Toyota Seeks Fix for Lexus SUV Handling, Faces New Congressional Hearing
Toyota Motor Corp. said it’s seeking a fix for a Lexus model identified as a “safety risk” by Consumer Reports as a U.S. congressional committee set a new hearing to examine unintended acceleration in Toyota vehicles.
The world’s largest automaker said yesterday its engineers reproduced the same “slide” Consumer Reports magazine found in its tests of the 2010 GX 460 sport-utility vehicle. Separately, House Energy and Commerce Committee Chairman Henry Waxman asked Toyota for documents on unintended acceleration for a hearing his panel will hold on potential electronic causes on May 6.
“We’re going to work on a countermeasure” to eliminate the handling issue on the GX, said Bill Kwong, a U.S. spokesman for Toyota’s luxury unit. “It’s too early to say exactly what that will be.”
The combination of Consumer Reports issuing a “don’t buy” assessment on the Lexus GX and renewed congressional scrutiny underscores the challenge Toyota faces regaining its reputation after global recalls of more than 8 million autos for problems including unintended acceleration. Compounding those issues, Toyota yesterday recalled 870,000 Sienna minivans in the U.S. and Canada for corrosion in a cable that holds the spare tire.
“Big obstacles remain before Toyota can regain customer trust and its strong quality reputation, especially in the case of non-Toyota owners,” said industry researcher Robert Cole, professor emeritus at the Haas School of Business at the University of California, Berkeley. “The public now associates problems of unintended acceleration with Toyota.”
Toyota’s American depositary receipts fell 69 cents, or 0.9 percent, to $79.37 yesterday in New York Stock Exchange composite trading.
The assessment by Consumer Reports, a non-profit magazine published by Yonkers, New York-based Consumers Union, was the first of its type for the magazine in nine years and led Toyota to halt sales and production of the $52,000 SUV.
Consumer Reports researchers found the GX’s rear end “slid out until the vehicle was almost sideways before the electronic stability control system was able to regain control” at a Connecticut test track, the magazine said. “In real-world driving, that situation could lead to a rollover accident, which could cause serious injury or death.”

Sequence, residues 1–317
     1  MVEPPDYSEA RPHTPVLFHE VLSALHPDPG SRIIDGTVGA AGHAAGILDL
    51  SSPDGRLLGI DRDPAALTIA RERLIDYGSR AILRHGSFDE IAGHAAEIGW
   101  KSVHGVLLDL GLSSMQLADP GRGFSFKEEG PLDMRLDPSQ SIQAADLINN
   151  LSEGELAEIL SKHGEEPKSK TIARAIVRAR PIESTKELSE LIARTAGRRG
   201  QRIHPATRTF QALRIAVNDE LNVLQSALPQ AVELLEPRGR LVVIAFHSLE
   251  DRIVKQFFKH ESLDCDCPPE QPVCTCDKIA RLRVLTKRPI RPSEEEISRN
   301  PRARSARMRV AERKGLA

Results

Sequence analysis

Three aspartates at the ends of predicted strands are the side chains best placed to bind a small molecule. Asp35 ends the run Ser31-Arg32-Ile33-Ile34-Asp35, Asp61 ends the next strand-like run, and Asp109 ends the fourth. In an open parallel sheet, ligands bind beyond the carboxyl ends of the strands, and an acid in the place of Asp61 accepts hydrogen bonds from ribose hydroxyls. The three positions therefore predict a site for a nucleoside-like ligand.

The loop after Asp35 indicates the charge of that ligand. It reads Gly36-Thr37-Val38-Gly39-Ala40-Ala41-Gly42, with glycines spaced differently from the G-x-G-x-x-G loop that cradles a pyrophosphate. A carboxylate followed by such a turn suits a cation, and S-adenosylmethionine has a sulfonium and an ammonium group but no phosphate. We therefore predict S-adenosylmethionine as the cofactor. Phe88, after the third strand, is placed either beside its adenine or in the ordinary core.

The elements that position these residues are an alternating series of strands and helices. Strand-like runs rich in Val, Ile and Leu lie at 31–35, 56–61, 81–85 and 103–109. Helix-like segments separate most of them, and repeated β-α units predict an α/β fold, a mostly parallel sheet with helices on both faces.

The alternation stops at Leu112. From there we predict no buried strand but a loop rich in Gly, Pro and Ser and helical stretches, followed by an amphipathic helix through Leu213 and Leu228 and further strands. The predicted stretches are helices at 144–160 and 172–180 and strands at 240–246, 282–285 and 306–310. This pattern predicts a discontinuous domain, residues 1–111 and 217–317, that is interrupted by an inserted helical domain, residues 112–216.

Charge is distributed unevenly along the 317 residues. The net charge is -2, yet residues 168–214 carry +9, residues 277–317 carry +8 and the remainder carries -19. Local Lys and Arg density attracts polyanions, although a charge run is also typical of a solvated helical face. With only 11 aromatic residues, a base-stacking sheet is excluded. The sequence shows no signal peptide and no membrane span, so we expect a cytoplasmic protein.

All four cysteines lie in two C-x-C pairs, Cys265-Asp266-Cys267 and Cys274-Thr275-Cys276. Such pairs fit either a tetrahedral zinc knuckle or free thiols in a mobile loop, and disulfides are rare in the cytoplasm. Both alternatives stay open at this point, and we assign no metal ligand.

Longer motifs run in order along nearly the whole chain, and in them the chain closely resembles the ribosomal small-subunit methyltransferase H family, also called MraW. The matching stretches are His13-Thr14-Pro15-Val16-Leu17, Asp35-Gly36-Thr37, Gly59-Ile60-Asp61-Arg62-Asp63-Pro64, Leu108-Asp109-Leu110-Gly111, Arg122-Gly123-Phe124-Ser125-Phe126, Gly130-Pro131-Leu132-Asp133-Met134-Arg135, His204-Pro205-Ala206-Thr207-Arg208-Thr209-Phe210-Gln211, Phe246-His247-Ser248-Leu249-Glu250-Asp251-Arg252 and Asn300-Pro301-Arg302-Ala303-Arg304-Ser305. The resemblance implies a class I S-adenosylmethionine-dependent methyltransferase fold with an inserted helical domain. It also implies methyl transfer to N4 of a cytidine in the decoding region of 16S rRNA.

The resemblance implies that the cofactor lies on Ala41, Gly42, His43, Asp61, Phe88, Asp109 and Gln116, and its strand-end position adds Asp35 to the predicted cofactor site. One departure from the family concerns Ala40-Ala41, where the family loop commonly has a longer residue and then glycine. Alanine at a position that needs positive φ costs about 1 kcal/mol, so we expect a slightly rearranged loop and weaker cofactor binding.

The Toyota City, Japan-based company said GX assembly at its Tahara, Japan, plant would stop from April 16 through April 28. Toyota suspended sales of the luxury SUV in North America, Russia and the Middle East. Toyota has said it’s conducting Consumer Reports’ driving test on all Toyota and Lexus SUVs.
“With the GX, this isn’t necessarily a problem related to carrying out an avoidance maneuver, but one that comes up when drivers are traveling at a high rate of speed,” said Dan Edmunds, director of vehicle testing for Edmunds.com, a Santa Monica, California-based automotive data and pricing service.
“The fix could be something as simple as reprogramming the software for the electronic stability control system,” Edmunds said.
Toyota executives were called before House and Senate committees in February and March to explain the causes of its recalls for problems linked to sudden acceleration.
Waxman, a California Democrat, said yesterday in a letter to Toyota U.S. sales chief Jim Lentz that his committee wants to know more about Toyota’s work with engineering and research firm Exponent Inc. Waxman asked Lentz to testify at next month’s hearing.
The panel asked for all contracts and correspondence between Toyota and Exponent relating to unintended acceleration and electronic throttle-control systems.
Exponent executives helped Toyota rebut the assertions of a Southern Illinois University professor about flaws in its electronic controls at a March 8 news conference. David Gilbert, a professor of automotive technology, had been featured in an ABC News broadcast and testified at a House Energy and Commerce subcommittee hearing Feb. 23.
Toyota said yesterday that the spare tire on Siennas can be dislodged if the cable deteriorates. The company is voluntarily recalling 1998 through 2010 vans sold in parts of the U.S. and Canada where salt is most likely to be used on roads.
“Toyota is listening to its customers attentively, and we want to make sure their voices are heard,” Steve St. Angelo, the Japanese automaker’s chief quality officer for North America, said in a statement. “We are also working diligently to develop a remedy as soon as possible.”
New York and New Jersey are among 20 states and the District of Columbia that are covered by the recall. Toyota is working on a fix for the defect and will inspect affected vehicles in the meantime, the company said.
The automaker said it will provide free inspections of spare-tire cables in all states, including those not in the recall, to customers who want them.
Toyota also said yesterday it’s recalling 4,774 units of “tray-type” floor mats in Canada on some 2007 through 2010 Tundra pickups and 2008 through 2010 Highlander and Highlander Hybrid SUVS. Like floor mats recalled last year, these can shift out of position and potentially cause the accelerator pedal to stick, Toyota’s Canadian unit said in a statement.
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